Fire turns luxury apartments into towering inferno
According to Busan police, the fire appeared to have started at a janitor’s garbage collection room on the fourth floor of the 38-story Wooshin Golden Suites around 11:33 a.m. Flames spread quickly through the ventilation shafts in the central stairwell and also along the highly flammable exterior walls of the structure. Within 20 minutes, the blaze reached the tower’s rooftop.
The fire department dispatched 70 trucks and a helicopter to the building, which houses 202 residences. Three choppers from the Korea Forest Service and Army were deployed.
While no casualties were reported as of 5 p.m., chaos during the evacuation process was. A total of 38 residents were rescued from the building by fire authorities, including three who were receiving treatment for smoke inhalation. A 43-year-old firefighter was also injured.
By 2 p.m., the fire was under control, but firefighters continued to battle the blaze into the late afternoon.
The luxurious high-rise opened in 2006 in a newly developed area near the coastal city’s Haeundae Beach. Although the Busan fire department sent ladder trucks, the ladders only reached the 15th floor.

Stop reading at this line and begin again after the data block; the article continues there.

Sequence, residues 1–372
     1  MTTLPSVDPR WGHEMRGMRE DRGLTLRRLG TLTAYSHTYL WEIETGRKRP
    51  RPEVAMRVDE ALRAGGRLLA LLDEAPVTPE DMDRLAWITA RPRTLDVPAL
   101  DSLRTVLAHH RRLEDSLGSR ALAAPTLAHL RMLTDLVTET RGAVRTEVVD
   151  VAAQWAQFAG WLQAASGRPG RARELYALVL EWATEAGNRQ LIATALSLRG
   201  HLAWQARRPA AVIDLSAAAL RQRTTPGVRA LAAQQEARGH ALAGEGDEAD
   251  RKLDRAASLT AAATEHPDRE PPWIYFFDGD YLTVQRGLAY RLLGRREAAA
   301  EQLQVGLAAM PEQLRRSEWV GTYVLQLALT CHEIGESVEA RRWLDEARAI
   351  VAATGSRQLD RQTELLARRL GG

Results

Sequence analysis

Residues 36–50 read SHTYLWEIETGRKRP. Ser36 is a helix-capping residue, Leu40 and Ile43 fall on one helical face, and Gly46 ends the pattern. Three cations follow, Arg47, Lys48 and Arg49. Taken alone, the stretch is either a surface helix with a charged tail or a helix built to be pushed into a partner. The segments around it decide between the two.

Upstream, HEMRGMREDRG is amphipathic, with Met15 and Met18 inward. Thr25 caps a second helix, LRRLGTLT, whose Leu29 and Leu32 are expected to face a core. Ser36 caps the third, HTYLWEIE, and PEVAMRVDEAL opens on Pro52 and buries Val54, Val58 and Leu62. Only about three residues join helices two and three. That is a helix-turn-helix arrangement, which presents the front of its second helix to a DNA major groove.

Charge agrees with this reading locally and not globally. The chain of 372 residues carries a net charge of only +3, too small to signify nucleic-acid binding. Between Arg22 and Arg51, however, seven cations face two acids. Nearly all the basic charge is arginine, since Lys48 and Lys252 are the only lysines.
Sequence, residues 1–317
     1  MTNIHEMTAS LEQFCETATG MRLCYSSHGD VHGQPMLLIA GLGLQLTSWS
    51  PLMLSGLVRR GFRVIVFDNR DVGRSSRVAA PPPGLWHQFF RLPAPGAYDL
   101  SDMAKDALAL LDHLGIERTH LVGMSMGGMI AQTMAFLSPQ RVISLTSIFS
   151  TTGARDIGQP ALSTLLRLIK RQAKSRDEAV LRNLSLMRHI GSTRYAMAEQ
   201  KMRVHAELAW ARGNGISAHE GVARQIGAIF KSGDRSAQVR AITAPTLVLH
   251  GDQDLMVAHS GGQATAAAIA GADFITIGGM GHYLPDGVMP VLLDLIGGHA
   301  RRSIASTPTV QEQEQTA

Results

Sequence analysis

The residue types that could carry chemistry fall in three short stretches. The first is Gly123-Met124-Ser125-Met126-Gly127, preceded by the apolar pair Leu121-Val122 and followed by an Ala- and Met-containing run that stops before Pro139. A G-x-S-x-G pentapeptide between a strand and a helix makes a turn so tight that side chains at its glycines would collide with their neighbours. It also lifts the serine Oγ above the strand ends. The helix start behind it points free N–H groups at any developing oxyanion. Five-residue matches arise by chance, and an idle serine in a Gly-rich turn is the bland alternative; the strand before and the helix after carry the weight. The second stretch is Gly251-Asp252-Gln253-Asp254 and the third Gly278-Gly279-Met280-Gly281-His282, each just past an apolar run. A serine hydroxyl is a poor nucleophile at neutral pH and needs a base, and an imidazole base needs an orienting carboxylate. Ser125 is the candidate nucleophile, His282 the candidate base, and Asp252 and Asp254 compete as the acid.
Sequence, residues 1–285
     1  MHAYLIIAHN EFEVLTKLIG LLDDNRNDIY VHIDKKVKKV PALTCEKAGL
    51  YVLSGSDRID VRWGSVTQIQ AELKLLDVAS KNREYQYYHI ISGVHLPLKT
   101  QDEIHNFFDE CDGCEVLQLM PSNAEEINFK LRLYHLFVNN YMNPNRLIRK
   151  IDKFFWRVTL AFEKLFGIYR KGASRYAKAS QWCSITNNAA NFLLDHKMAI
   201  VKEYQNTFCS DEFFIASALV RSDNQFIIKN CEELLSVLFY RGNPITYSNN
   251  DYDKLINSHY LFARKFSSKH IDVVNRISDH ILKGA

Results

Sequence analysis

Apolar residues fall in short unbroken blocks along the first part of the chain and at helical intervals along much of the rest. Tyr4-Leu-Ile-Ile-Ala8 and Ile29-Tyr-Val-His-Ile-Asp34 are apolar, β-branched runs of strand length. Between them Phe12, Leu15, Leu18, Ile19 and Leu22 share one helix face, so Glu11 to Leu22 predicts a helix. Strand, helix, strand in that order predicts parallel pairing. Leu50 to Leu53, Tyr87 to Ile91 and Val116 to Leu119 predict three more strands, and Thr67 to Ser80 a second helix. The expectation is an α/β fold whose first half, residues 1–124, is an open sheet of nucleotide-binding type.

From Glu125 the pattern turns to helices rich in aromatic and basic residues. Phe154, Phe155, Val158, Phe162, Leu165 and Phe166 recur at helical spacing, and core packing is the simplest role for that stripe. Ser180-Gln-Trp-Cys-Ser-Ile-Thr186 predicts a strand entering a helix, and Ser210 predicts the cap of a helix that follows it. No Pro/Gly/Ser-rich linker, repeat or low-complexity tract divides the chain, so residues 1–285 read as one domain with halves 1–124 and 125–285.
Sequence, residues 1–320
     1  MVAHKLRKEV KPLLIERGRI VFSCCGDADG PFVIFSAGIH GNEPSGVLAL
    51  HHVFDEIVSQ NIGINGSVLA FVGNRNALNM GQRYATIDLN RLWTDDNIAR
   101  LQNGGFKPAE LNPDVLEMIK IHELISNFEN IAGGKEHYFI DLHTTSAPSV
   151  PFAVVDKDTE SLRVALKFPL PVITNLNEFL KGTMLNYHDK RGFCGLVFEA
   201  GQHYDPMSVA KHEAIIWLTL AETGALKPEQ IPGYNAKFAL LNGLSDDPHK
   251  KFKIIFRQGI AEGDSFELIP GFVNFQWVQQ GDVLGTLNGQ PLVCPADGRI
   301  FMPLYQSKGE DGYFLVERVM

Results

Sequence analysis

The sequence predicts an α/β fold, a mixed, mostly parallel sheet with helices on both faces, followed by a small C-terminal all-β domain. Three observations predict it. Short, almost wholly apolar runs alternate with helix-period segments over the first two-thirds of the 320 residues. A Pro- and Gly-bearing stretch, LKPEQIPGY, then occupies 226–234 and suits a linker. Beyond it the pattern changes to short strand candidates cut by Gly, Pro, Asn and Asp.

Helicopters were used to rescue ten residents who took refuge on the rooftop. The police said it is investigating the fire’s cause.
“It appeared to have started in the janitors’ room and laundry on the fourth floor,” said a police official. “We have testimonies that scrap paper was burned in the janitors’ room.”
Experts said yesterday’s fire was their worst nightmare come true. They said high-rises around the nation are particularly vulnerable to fire because they are built with flammable exterior materials.
“The sprinkler system worked,” said Lee Gap-jin, a senior official at Busan Fire Department’s Geumgang branch. But building codes didn’t require sprinklers on the janitors’ room floor.
“And the flames on the exterior walls were too strong, so the sprinklers weren’t much help,” he said.
Lee said the use of curtain-wall structures and painted aluminum panels on the exterior of the steel-frame fueled the disaster. Although such buildings are relatively safe in an earthquake, it is extremely vulnerable to fire, said construction industry insiders. The paint coating the panels is highly flammable, they added.
Experts also worry that fire regulations have not been updated, although the number of high-rises has increased rapidly. In 2005, 60,000 households lived in apartment buildings taller than 30 stories, but in 2007 it went up to 120,000. This year, 260,000 households are in high-rise apartments.
“Construction companies and building owners oppose stricter safety regulations because it will cost them a lot more,” said a fire department official.
By Ser Myo-ja, Kim Sang-jin [email@example.com]